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Professional Debut in Review
Part 3

by Andrew Buss

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Mickey Thomas weighs in fish during the B.A.S.S. Southern Open on Alabama’s Wheeler Lake. Thomas has learned that being a professional angler is a whole lot more than just fishing.After a disappointing finish in the 2007 B.A.S.S. Southern Opens, Edwardsburg, MI angler Mickey Thomas is hungry and confident he’ll show measurable progress in 2008.

The Opens gave Thomas a new perspective in many ways including a deeper understanding of fish patterns. “I’m much better at breaking down bodies of water now,” he says, “I come home now to smaller bodies of water and develop patterns quicker and more efficiently.”

He recognizes differences between his local bodies of water and those of larger lakes. For example, patterns don’t change as frequently on the larger lakes. “On lakes (close to home), because of their small size, you can pattern in a short time,” Thomas continues, “but these lakes have multiple patterns and conditions which makes it more difficult to determine the most dominant pattern to win a tournament.”

Mickey Thomas waits his turn to weigh fish. In just a year, Thomas transformed from a feared, local tournament fishermen, to a professional with a wrapped boat and signature tournament shirt.He recognizes differences between his local bodies of water and those of larger lakes. For example, patterns don’t change as frequently on the larger lakes. “On lakes (close to home), because of their small size, you can pattern in a short time,” Thomas continues, “but these lakes have multiple patterns and conditions which makes it more difficult to determine the most dominant pattern to win a tournament.”

That confidence will serve as a building stone for his professional career.

Thomas learned several principles about pre-fishing which he’ll employ next season. He’ll spend considerable more time tossing baits that cover water faster. In turn, this will offer an opportunity to see more of the lake so he can make better adjustments when conditions change.

This adjustment in preparation is not by coincidence. He saw, in action, the biggest difference between amateurs and professionals, “Work ethic, is hands down, what sets them apart. They make the most of their time in practice.”

Thomas met a variety of people while touring the country fishing. Excellent communication skills and a sincere interest in people have garnered a faithful following and multiple sponsors in just one year as a professional.He also learned to employ and suggests anglers to, “Familiarize yourself with new bodies of water and apply new techniques as often as possible.” He continues, “Practice figuring out patterns.” And equally as important, “Practice techniques you’re admittedly weak in.”

“This game is 90% mental and only 10% physical. But if you don’t have the physical, the mental is obsolete.”

“Sharing spots” between anglers is ethically debatable for many, but Thomas witnessed anglers “share spots.” This is not a new phenomenon as he’s also seen it employed locally on his home waters. He acknowledges it can be helpful, but ultimately says, “It still comes down to having the skills to make the right adjustments.” In his mind, it’s much more advantageous to, “Spend time on the water with better fishermen, and compete against better competition.”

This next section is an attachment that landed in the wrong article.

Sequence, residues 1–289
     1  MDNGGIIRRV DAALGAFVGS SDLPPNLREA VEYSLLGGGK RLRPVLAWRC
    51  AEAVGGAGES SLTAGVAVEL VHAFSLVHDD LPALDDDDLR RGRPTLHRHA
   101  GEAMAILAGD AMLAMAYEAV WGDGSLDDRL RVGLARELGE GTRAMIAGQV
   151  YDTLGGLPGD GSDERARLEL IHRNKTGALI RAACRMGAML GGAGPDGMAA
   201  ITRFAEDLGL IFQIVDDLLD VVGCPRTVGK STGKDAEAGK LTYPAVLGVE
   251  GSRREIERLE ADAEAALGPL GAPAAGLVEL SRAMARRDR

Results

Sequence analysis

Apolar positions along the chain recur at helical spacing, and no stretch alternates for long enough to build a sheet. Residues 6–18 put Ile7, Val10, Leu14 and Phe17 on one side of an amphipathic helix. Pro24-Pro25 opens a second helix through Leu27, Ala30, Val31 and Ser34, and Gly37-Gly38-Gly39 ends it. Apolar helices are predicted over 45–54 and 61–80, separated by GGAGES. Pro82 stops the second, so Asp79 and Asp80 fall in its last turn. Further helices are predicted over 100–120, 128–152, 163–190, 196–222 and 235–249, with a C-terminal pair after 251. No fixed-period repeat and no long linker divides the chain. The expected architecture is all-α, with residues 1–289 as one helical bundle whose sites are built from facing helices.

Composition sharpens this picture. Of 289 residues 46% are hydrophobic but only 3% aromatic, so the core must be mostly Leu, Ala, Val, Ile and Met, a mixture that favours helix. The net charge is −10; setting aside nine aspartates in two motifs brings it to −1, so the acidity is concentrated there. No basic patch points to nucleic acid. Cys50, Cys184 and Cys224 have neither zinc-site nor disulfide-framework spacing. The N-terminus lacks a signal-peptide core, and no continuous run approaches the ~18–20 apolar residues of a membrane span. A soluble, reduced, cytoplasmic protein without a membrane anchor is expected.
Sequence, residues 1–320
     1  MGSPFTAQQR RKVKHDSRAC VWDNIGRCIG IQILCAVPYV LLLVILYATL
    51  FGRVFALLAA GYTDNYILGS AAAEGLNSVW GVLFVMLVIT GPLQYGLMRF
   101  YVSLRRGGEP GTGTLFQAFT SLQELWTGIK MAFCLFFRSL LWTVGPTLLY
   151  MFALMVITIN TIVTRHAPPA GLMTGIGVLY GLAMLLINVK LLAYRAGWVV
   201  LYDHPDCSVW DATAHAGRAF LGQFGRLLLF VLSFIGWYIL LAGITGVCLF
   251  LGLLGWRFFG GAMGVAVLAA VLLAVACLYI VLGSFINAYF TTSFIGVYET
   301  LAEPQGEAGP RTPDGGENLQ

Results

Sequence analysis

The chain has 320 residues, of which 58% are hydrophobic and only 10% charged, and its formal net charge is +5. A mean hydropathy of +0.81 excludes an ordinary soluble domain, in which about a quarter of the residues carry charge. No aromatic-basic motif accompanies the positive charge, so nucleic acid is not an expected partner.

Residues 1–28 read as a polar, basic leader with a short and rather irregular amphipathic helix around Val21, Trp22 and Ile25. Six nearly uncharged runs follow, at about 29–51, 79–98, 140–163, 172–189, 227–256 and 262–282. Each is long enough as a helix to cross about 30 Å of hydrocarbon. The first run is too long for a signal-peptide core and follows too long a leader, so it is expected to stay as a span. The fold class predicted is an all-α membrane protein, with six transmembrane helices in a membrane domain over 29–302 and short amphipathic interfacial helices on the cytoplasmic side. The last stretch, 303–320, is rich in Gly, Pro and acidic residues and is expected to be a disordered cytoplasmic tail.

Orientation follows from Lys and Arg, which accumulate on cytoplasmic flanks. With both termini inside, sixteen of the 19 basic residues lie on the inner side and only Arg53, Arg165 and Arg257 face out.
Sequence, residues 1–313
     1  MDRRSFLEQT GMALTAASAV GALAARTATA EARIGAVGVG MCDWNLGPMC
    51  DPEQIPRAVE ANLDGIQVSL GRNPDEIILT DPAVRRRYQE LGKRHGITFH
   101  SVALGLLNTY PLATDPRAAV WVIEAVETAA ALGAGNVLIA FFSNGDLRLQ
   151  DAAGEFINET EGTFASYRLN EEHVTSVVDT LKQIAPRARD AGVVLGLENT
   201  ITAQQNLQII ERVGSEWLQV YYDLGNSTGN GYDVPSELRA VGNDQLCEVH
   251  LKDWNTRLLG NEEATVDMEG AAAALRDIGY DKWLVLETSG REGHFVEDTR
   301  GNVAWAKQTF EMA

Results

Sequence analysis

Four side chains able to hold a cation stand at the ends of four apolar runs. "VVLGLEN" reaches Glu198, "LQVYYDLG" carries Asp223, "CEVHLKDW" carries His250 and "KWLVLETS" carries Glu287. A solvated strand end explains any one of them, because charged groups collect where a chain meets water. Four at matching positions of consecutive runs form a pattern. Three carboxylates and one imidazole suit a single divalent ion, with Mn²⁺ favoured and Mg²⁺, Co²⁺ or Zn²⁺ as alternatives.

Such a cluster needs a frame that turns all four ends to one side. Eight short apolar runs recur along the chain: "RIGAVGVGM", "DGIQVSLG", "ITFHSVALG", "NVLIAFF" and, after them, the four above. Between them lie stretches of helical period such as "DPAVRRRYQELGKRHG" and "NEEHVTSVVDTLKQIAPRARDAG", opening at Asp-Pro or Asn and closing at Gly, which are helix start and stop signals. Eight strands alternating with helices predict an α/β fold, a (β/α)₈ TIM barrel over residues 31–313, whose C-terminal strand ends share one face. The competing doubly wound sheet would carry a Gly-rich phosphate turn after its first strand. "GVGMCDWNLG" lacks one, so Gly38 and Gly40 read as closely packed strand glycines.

As Vice-President at JSI Inc., in Elkhart, IN, Thomas is a skilled businessman and is now quickly gaining a reputation as a marketable figure in the public and to companies wanting to invest in the fishing industry.

After a single season in the Opens, he has already gained sponsorship with Shimano, Gamma, Moose Tracks Ice Cream, Deka Batteries, Mercury/MotorGuide/Lowrance, D & R Sportscenter, and Galaxy 1/Dish Network. He adds, “I am especially grateful for Galaxy 1’s CEO, Bob Byrd. He is not only a business partner, but a true friend.”

Thomas cautions others to never take sponsors for granted. He spends his off-season solidifying these partnerships and seeking others he believes in. While establishing his identity on the water, his confidence never wavers, and as a result, potential sponsors see an angler growing with a skill in communication and an ability to connect with people.

Thomas looks forward to competing professionally in 2008: “I have lots of room for improvement and I will.”Despite not cashing a check, success, he also learned, comes in a number of ways, “Recognition is a big deal,” he clarifies, “Being in a position to gain the recognition of being a professional is rewarding in itself.”

The season also put him in position to develop relationships with other professional anglers, but also with war veterans and children, which he especially enjoys. He readily acknowledges, “I love kids.”

Traveling back from the event on Santee Cooper, he found himself at a Wal-Mart gas station 10:30 at night signing autographs, giving out tackle packs, and taking pictures with a child who recognized him. “I never meant this to get any attention, but it ended up in the local newspaper and Galaxy 1 recognized this as the perfect representation for their company, but actually, I was just being myself.”

After 2007, Thomas despises the question, “What happened?” But it was never a matter of what happened, rather; it’s a matter of what he learned and where the confidence in him will lead, “The more you evaluate a situation, the more you learn.” His confidence has only grown from both the experiences on the water and the many new relationships he’s gained. He walks into 2008 with confidence and certain success in the future.


Read Part 2 of Professional Debut
Read Part 1 of Professional Debut

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